Some of the most popular characters include Gandalf, Frodo, Gimli, Legolas, Gollum (Smeagol), Sam, Aragorn, Elrond, Saruman, Witch king, and Sauron. Fantastic creatures include the ents, the balrog, and the nazgul. Popular items include the swords sting, and the shards of Narsil, as well as the Witch King’s flail, and quaint hobbit holes. Of course we also can’t forget the ring itself, which makes a stellar tattoo, especially when paired with a portrait.

Alexandra Skarsgård
Sting and flowers done by Alexandra Skarsgård in London.
Dan Mawdsley Pop Culture Tattoos in Melbourne✖️The Black Mark Tattoo Northcote
Black and grey Gandalf portrait done by Dan Mawdsley at Pop Culture Tattoos in Melbourne, Australia.
Jerome Chapman
Linework version of an ent. Done by Jerome Chapman.
Maksims Zotovs
Hyper realistic Gollum done by Maksims Zotovs.
Tony Sklepic Pop culture inspired tattoos and artwork. EDMONTON ALBERTA
Hyper realistic matching portraits of Saruman (and the eye of Sauron) and Gandalf. Done by Tony Sklepic done in Edmonton, Alberta.

Lord of the Rings tattoos are often done in a photo realistic or hyper realistic style, as well as black and grey, dotwork, linework, American traditional, and neo traditional.

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Black and grey Legolas done by Khail Tattooer at Young bloods Tattoo in Perth, Australia.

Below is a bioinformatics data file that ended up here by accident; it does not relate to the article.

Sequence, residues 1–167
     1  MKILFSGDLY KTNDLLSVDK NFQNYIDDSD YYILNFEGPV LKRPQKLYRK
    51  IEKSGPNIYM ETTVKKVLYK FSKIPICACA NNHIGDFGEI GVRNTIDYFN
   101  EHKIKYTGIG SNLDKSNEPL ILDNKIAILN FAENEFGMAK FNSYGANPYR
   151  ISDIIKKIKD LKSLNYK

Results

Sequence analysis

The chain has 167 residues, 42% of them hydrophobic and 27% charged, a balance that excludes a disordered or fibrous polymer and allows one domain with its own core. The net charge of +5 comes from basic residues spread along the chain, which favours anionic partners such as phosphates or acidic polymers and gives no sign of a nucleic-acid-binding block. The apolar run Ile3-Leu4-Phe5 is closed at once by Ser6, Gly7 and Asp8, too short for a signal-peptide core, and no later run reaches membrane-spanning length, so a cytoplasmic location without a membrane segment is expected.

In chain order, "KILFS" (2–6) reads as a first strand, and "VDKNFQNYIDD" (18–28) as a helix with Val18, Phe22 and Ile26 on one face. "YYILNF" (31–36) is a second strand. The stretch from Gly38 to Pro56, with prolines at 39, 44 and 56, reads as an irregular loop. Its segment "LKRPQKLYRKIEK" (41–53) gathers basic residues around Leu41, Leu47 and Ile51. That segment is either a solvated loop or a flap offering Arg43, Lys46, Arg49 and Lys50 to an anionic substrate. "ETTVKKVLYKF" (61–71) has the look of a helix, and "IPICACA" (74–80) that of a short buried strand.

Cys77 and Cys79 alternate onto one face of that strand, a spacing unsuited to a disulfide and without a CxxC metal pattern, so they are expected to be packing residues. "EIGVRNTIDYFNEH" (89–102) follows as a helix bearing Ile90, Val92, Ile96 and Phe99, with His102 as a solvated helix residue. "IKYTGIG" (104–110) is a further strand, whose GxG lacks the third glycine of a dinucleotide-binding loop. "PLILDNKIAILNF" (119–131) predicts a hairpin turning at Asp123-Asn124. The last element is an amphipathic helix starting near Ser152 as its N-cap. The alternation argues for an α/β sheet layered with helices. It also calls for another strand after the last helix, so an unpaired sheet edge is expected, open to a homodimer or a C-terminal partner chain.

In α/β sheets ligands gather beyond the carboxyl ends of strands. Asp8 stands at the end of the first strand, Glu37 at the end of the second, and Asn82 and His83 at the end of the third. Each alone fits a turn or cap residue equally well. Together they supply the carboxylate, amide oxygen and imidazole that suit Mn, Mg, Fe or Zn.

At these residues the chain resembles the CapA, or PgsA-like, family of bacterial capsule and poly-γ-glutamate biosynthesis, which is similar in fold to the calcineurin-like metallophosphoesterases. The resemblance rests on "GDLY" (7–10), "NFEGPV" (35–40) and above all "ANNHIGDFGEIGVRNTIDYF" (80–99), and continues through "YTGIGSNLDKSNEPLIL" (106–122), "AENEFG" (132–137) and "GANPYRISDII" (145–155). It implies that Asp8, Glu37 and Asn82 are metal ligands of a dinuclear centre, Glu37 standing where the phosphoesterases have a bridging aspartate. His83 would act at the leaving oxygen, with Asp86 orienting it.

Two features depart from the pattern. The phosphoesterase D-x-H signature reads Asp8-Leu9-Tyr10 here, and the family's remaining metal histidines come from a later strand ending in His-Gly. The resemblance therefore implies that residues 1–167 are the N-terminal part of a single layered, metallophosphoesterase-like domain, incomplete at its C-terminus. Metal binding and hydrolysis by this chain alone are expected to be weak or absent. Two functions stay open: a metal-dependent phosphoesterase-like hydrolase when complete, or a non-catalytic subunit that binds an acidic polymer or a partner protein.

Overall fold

Dave Swambo
Witch King hand and Morgul blade done by Dave Swambo at Stronghold Tattoo in Cardiff, Wales.
Jess White
Bright and bold hobbit hole done by Jess White in Sacramento, CA.
Nick imms Fumbling through life. Owner of @thechurchtattoo ☦️
Gorgeous portrait of Frodo and the ring done by Nick Imms at the Church Tattoo.
Travis Stanley Ink City Tattoo Bonney Lake, WA Capitol City
American traditional Witch King and flail. Done by Travis Stanley at Ink City Tattoo in Bonney Lake, WA Capitol City.

Which do you prefer, the books, or the films?

Devil Tattoos

Devil tattoos are one of the classics in tattoo history. Devil doesn’t always refer to a red man with horns, it can also be just a symbol of evil. Having a symbol like this on your body can mean protection from demons/the devil by scaring them away. It can show a mischievous side of you, or a rebellious attitude. Sometimes they can be portrayed with an angel counterpart, or a woman, generally symbolizing the balance between good and evil.